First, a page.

At the conclusion of the trial the learned District Judge held with theplaintiff but ordered the payment by him of Rs. 1,000 ascompensation on account of the filling up operation. It is against thisjudgment that this appeal was taken by the defendant.
At the hearing before us learned President's Counsel appearing forthe substituted defendant appellant.(who figures in this appeal in roomof the defendant now deceased) did not seek to canvass the DistrictJudge's finding that the Rent Restriction Act did not apply to thesepremises but contended that as the evidence and the judge s findingclearly indicated that there was a contract of tenancy in respect of thepremises, the notice to quit was bad in law. According to the plaint theperiod of the notice spanned three months and this appears to besupported by the original of the notice which was produced accordingto the proceedings from the custody of the defendant and marked atthe trial by his counsel as D3. Be that as it may, whether it ispermissible at this stage in appeal to canvass the adequacy of thenotice to sever the contractual relationship of landlord and tenant isanother matter. Counsel contended that since the defendant had putin issue at the trial the question whether the plaintiff had terminatedthe tenancy, upon the material in the record this Court could come tothe finding that the notice was bad in law. In my view it would bewrong to go into this question for the first time now. If the defendantintended to challenge the effectiveness of the notice that should have,and having regard to the averments in the plaint, could have beendone in a clear and precise manner upon a specific issue framed forthat purpose,- so that the attention of the District Judge could havebeen focussed upon this question, where we would then have had thebenefit of his finding. Not having done so at the trial I am of the viewthat this cannot be gone into now. Questions of fact are involved here,inter alia, that one of the original contracting parties (the father of theplaintiff) went out of the picture and the plaintiff took his place and alsothat the gift to the plaintiff of these premises by his father upon P1 wasprior to his death. As such, without, there being a finding on thisquestion by the District Judge I am not disposed to consider this- submission and refrain from doing so.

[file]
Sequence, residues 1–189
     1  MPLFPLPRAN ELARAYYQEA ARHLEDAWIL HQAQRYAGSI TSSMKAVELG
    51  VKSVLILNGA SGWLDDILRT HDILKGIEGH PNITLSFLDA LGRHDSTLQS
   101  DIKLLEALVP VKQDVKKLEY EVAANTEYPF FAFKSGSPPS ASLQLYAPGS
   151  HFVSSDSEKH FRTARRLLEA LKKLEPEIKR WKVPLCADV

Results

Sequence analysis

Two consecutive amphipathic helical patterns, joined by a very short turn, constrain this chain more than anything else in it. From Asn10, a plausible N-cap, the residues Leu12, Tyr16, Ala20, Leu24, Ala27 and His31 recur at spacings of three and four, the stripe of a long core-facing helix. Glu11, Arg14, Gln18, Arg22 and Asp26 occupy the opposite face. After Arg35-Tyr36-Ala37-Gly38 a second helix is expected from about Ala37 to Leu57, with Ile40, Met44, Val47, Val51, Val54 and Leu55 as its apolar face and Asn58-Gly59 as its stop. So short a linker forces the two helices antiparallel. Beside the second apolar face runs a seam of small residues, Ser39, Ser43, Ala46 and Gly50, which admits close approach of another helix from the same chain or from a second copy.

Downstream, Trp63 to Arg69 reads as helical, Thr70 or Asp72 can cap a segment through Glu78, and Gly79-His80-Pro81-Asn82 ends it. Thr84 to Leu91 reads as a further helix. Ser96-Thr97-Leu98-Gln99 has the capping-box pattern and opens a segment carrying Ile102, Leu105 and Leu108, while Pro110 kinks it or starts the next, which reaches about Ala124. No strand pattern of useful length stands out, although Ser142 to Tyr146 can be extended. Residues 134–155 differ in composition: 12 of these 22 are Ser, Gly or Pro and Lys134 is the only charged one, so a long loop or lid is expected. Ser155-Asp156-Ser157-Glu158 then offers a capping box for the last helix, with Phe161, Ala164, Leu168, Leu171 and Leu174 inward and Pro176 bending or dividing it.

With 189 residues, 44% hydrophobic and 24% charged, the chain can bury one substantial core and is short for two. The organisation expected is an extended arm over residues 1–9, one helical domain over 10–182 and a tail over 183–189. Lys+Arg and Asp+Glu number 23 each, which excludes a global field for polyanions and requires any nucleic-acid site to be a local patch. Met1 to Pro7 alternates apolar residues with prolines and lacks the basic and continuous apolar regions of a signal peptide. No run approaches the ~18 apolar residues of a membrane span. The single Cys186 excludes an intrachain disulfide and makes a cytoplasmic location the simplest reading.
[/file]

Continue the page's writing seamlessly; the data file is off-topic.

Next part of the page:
The principal argument of counsel for the substituted defendanthowever lay elsewhere. Stated briefly, he contended that since there;had been a tenancy between the parties (at the very least in respect ofthe" bare land) the action against the defendant should have been
constituted as one against an over-holding lessee. He argued that theaction instead, taking the form rei vindicatio and being thereforemisconceived, the defendant is not liable to be ejected. Learnedcounsel for the plaintiff-respondent on the other hand argued that theacts complained of against the defendant which the evidence hadclearly established, were in derogation of the plaintiffs rights as ownerof the land and resulted in a diminution of such rights andconsequently the relief asked for was a declaration that the plaintiff asowner had full rights of dominium. He contended that it wascompetent for the plaintiff in the circumstance of this case, to maintainthe action in this form and to get the relief he asked for including arestoration to possession.
I understood the argument of learned President's Counsel for theappellant to be to the effect that a overholding tenant whose contractof tenancy has been terminated by a valid notice to quit, can beejected only in an action brought on the basis of the terminatedcontract of tenancy and that such over-holding tenant is not liable tobe ejected in an action rei vindicatio.
I think it would simplify matters to express my view at the outsetitself, that in circumstances such as those present here, where thetenancy stands terminated and the tie of landlord and tenant issevered and there is no legal basis justifying the tenant's continuedoccupation, there can be no objection to a landlord, on the basis of histitle successfully recovering possession of the property leased.